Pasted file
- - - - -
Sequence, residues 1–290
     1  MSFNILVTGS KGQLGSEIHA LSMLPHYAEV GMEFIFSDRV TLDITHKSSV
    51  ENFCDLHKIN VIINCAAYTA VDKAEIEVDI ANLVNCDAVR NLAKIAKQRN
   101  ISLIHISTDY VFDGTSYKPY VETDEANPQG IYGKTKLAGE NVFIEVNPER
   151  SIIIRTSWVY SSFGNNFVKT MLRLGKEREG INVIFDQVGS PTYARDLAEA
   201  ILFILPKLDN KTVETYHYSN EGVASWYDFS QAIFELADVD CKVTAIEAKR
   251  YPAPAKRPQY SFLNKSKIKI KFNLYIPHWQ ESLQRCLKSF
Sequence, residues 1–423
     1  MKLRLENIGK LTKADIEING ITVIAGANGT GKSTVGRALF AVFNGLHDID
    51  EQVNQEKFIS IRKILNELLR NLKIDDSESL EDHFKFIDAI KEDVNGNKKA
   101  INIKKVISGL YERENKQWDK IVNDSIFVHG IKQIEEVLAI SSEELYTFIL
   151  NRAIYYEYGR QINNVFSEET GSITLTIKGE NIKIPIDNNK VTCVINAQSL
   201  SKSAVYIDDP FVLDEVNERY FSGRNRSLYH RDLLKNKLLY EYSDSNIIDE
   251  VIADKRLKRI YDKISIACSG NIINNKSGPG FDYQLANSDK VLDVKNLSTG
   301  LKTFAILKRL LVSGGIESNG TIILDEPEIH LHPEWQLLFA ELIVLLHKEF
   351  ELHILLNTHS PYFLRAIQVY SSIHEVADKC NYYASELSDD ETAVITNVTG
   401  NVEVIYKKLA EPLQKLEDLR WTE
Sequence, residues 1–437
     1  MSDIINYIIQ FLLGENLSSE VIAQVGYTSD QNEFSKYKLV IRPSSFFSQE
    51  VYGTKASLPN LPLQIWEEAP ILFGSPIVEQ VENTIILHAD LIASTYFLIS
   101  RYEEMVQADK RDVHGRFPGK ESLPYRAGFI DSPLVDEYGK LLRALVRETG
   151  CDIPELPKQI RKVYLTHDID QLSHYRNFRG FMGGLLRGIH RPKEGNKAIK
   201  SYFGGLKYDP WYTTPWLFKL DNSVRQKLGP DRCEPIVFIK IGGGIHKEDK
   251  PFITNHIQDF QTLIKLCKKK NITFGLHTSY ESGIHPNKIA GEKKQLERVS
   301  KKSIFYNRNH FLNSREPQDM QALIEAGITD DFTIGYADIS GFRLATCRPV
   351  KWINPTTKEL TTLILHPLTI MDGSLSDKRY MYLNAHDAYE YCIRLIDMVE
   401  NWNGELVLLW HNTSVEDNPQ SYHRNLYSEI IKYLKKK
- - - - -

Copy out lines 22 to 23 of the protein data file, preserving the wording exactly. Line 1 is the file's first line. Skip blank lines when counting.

   151  CDIPELPKQI RKVYLTHDID QLSHYRNFRG FMGGLLRGIH RPKEGNKAIK
   201  SYFGGLKYDP WYTTPWLFKL DNSVRQKLGP DRCEPIVFIK IGGGIHKEDK